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1/4 cup brown sugar

2 tablespoons sea salt

Water

2 tablespoons Ceylon or Indian black tea leaves

Discard tough crescent-shaped muscles from 1 pound large sea scallops. (Muscles adhere to side of scallop.) Rinse scallops, drain and dry on paper towels. Mix brown sugar with sea salt, toss with scallops and chill about 10 minutes. Pour cold water to cover 2 tablespoons black tea leaves and leave to soak 10 minutes also.

Drain leaves and spread in bottom of a wok. Set a rack on top. Rinse scallops, dry on paper towels and arrange on rack so they do not touch each other. Cover wok with a lid or foil and put over medium heat. Watch until you see wisps of smoke, then allow 2 to 3 minutes of cooking time, depending on size of scallops. They should remain translucent in the center. Serve hot or at room temperature. Serves 2 as a main course.

Blue tea, named for the bluish tinge of the leaves, is better known as oolong, popular in Taiwan (still called in the tea world by its old name of Formosa). Oolong has the depth of flavor of black tea with a touch of grassy green, and it is useful in poaching and simmering.

When making a quick supper of chicken and vegetable soup, I have found that a few spoonfuls of leafy oolong transform commercial chicken broth. The tea leaves themselves are delectable, tender but holding shape in the broth. In desserts, black teas that are highlighted with spices such as cinnamon or flavors such as apricot or raspberry are useful when poaching fruit.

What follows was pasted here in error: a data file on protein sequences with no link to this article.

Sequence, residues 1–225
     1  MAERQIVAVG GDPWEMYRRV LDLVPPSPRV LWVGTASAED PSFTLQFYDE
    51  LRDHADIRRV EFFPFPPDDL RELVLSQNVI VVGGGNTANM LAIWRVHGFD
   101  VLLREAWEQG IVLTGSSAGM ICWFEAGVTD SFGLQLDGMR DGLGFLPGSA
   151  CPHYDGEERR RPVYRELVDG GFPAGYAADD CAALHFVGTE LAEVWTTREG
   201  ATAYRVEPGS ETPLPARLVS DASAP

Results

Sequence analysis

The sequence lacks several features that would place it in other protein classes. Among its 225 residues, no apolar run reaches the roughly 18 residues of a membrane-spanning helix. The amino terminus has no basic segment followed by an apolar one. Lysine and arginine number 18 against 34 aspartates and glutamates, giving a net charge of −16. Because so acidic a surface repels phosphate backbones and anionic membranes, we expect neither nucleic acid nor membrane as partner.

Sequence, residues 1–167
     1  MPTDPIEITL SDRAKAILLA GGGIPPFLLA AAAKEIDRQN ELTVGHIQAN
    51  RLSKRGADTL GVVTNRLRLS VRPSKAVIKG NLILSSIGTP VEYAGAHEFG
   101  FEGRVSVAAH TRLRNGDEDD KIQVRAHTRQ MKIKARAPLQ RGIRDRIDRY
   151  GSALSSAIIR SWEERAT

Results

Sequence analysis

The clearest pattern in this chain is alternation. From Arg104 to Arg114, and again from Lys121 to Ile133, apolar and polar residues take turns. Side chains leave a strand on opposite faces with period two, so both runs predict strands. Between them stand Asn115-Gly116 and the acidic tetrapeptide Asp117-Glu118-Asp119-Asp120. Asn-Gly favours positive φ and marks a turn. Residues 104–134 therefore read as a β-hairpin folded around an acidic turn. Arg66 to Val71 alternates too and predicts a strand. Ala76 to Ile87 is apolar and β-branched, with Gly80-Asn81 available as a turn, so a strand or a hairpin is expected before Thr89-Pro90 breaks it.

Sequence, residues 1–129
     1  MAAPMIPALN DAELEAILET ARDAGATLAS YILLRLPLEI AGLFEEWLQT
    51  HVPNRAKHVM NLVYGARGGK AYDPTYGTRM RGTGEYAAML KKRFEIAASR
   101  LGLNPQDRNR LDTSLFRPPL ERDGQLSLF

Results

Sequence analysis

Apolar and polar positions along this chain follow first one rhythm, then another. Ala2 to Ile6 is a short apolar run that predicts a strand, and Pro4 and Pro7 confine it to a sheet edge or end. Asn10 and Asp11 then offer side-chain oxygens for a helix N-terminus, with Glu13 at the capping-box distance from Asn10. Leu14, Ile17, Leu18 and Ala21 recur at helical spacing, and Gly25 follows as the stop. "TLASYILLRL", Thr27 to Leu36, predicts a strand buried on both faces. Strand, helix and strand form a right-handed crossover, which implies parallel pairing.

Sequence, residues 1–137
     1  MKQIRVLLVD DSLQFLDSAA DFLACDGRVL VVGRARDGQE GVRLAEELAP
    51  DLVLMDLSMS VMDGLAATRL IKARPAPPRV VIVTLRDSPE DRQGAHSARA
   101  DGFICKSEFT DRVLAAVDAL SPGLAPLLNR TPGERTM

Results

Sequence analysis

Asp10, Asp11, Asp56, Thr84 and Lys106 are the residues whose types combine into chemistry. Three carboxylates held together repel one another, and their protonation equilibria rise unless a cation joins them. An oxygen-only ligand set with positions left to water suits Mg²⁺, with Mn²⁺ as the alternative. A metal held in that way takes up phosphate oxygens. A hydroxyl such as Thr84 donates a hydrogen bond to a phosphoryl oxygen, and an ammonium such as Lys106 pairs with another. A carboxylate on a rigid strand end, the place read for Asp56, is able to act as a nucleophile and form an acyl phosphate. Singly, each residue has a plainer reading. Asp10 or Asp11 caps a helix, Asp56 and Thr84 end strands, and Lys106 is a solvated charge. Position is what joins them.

Black tea leaves stuck in an empty teapot have pursued me all my life when washing up, so it was a surprise to me that freshly infused leaves can be good to eat. Looking beyond chicken broth, I found this offbeat green salad in which tea leaves are added like an herb. Simply soak half a cup of a large-leaf tea, such as oolong, for at least 12 hours in a generous amount of cold water, drain thoroughly without squeezing the leaves and toss them with butter lettuce in a dressing of raspberry vinegar and vegetable oil. The tea adds an elusive, flowery fragrance.

Cooking with tea has been full of surprises. Did you know that black tea leaves can be powdered in the pepper grinder? The leaves behave exactly like pepper. Just empty out the peppercorns, add the tea and, after a few turns of the grinder, you’ll have the pure taste of tea in powder form.

Try sprinkling black Indian tea instead of pepper on beef carpaccio or lamb chops or jasmine tea on duck. Grind smoky lapsang black tea and mix it with yogurt as a simple sauce for smoked salmon or mackerel.

Scatter tea powder, particularly of green tea, over fruit salad. Add it to breads and cookies, chocolate mousse and chocolate cakes. Then ask your guests the identity of this new flavoring and enjoy their bewilderment. For tea on the Web, visit www.mariagefreres.com.

Tea leaf chicken in broth

We’re all accustomed to dried herb leaves in our soups and stews, so this brilliant vegetable consomme flavored with tea leaves is only one step further. Cooking takes about 10 minutes, making this an ideal simple supper for serving with crusty bread. Any large-leaf tea from China or Japan, whether green or oolong-style, is appropriate.

Water

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